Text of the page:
Bernard Baran free for keeps
In a plain office on the second floor of the Probation Department, Baran rested his foot on a metal chair while the last remnant of his imprisonment an electronic monitoring bracelet belted around his ankle was cut loose. After 21 years in prison and three years under close court supervision, he was free.
Back outside in the damp afternoon, Baran and his small group of friends and family huddled briefly. There were no plans for a celebration, just a trip home.
"I came (to the Berkshires) today because my mother had to watch her innocent son being taken away 24 years ago, and I can't imagine what that was like for her," he said. "I knew today that I had to be here be here with her when we got the news, whether it was good or bad."
Baran's older brother, Santo, was turned away on Tuesday morning when he tried to attend the press conference where Berkshire District Attorney David F. Capeless said he would not seek to prosecute Baran on child molestation charges. He waited outside for word and then relayed the news to Baran.
"It's been a long time coming," Santo said. "Too long."
Baran has been living and working in the Boston area since a Superior Court judge overturned his guilty verdict in 2006. For three years, he said, he has lived with the constant threat that he could be returned to prison, perhaps by a ruling from the appeals court or a change in the terms of his bail.
"I never could really enjoy life because I always worried about the what ifs. How close do you get to your family before you get ripped away again?" he said.
"I don't feel glorious in this for the simple fact that there is still a lot of hurt to a lot of different people," he added.
For Baran's mother, Bertha Shaw, Capeless' decision ended 24 years of worrying and praying.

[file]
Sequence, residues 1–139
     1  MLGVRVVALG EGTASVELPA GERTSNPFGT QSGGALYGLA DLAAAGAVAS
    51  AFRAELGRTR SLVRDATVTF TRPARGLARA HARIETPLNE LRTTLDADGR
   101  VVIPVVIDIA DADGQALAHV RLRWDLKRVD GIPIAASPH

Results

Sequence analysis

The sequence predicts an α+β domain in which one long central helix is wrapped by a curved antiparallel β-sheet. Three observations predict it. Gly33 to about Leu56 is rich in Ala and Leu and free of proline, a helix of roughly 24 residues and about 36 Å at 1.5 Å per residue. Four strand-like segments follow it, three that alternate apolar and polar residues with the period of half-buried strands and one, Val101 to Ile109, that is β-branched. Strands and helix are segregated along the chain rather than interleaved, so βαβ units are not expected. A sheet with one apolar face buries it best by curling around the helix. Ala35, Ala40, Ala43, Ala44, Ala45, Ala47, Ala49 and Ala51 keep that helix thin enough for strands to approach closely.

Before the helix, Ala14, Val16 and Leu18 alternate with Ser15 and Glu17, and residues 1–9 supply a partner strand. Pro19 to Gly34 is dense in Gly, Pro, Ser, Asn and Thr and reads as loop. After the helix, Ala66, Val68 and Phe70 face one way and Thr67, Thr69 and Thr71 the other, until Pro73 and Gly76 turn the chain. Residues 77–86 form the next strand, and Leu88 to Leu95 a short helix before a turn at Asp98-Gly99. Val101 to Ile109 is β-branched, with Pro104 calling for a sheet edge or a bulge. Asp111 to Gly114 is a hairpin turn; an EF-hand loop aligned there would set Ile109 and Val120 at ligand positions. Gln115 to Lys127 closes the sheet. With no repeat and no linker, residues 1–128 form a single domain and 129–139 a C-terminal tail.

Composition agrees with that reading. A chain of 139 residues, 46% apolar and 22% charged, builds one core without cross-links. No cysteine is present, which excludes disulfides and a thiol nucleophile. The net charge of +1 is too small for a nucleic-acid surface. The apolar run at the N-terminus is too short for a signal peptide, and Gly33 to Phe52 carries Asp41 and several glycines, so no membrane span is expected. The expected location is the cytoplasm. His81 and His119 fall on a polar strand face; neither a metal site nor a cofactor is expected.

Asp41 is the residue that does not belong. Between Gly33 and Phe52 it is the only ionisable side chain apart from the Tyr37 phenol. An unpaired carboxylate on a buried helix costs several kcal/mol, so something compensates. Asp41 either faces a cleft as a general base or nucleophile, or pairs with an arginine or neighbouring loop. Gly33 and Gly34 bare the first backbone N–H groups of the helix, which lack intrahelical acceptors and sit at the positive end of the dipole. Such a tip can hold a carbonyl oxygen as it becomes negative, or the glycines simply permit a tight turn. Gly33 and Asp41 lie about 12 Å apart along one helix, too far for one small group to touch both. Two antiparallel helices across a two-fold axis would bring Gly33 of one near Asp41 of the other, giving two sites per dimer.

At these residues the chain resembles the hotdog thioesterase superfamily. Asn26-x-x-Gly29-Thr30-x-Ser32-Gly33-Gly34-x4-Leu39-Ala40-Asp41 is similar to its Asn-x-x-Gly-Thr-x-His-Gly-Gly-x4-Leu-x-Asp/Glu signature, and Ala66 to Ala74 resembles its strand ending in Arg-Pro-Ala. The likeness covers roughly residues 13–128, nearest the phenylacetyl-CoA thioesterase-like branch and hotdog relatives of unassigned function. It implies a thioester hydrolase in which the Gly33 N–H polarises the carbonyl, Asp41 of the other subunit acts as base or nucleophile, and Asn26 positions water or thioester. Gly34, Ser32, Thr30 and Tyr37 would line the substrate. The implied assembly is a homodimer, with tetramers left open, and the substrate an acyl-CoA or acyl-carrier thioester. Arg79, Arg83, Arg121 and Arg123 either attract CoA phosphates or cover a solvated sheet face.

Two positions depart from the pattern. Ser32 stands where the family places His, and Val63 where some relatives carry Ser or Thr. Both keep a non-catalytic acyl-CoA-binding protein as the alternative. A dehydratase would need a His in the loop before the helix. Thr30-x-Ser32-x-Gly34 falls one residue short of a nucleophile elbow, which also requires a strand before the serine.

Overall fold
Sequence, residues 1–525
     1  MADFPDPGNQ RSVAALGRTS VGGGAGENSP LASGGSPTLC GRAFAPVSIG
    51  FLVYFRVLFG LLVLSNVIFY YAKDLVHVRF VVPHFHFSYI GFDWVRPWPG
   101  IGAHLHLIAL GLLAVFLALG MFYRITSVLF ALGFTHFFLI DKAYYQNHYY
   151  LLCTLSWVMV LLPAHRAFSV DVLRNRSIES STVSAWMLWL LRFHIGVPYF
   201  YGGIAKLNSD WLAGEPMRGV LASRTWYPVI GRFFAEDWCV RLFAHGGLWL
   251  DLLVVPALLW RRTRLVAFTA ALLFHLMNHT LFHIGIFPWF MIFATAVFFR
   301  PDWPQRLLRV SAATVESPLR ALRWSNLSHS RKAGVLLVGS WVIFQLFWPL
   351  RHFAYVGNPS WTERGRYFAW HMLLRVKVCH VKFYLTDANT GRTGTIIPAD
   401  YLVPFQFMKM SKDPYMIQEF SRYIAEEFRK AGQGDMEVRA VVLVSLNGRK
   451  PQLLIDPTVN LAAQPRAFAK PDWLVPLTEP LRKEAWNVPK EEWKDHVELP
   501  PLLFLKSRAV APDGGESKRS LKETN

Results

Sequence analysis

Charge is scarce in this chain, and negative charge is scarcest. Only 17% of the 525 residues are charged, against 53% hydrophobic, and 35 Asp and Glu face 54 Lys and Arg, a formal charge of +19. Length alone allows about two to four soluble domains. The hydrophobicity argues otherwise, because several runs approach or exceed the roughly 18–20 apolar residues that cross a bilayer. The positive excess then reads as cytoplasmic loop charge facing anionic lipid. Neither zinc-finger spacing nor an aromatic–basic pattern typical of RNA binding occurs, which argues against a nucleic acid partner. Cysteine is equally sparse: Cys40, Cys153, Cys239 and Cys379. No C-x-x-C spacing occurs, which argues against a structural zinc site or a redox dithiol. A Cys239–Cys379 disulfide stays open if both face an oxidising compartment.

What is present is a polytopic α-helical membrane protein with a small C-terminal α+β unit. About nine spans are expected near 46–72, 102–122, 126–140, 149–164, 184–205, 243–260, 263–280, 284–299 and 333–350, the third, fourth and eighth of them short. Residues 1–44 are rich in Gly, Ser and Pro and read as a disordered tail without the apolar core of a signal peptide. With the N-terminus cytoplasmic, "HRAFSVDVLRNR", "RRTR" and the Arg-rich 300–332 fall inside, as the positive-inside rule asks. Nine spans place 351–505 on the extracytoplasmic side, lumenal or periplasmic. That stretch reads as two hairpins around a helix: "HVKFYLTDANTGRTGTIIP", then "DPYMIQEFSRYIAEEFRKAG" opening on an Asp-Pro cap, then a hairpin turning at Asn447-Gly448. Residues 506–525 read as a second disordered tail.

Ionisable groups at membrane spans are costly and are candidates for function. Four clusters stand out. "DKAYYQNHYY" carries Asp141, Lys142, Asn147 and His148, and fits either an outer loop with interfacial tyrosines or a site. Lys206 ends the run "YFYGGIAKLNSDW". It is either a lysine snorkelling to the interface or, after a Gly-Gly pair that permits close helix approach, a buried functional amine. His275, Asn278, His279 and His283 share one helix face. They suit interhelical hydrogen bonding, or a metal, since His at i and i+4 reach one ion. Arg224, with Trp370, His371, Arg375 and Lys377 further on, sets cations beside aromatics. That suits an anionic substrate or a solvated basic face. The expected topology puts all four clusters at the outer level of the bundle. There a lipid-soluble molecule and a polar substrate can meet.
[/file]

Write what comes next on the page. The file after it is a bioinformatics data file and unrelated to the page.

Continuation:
"It feels like it's not real," she said. "I prayed and I never gave up, because I knew from day one, when I asked him, 'If you did this, we can get you help,' and he looked right at me and said, 'Mom, I didn't do this. Don't worry.' So I knew that I would never give up. There were times when I wondered if we would ever see this day, or if I would live long enough to see it, but I never gave up."
Asked what he plans to do now, Baran said he will "take it one day at a time, real slow." He said he knows he can't regain what he lost.
"One thing I have learned is that you can't make up for anything. If you try, you get lost in the pain of realizing how much you missed," he said. "So I've got to start over."
And he said he will never be the person he was before he was imprisoned.
"Everything that I went through will never be over for me, and I am a different guy than I was before. I don't trust. I worry. I'm nervous about everything, and I worry for my family," he said. "I just want to move on and be with my family and embrace the life that I desperately fought to get back."
To reach Jack Dew: firstname.lastname@example.org, or (413) 496-6241.
TALK TO US
If you'd like to leave a comment (or a tip or a question) about this story with the editors, please email us. We also welcome letters to the editor for publication; you can do that by filling out our letters form and submitting it to the newsroom.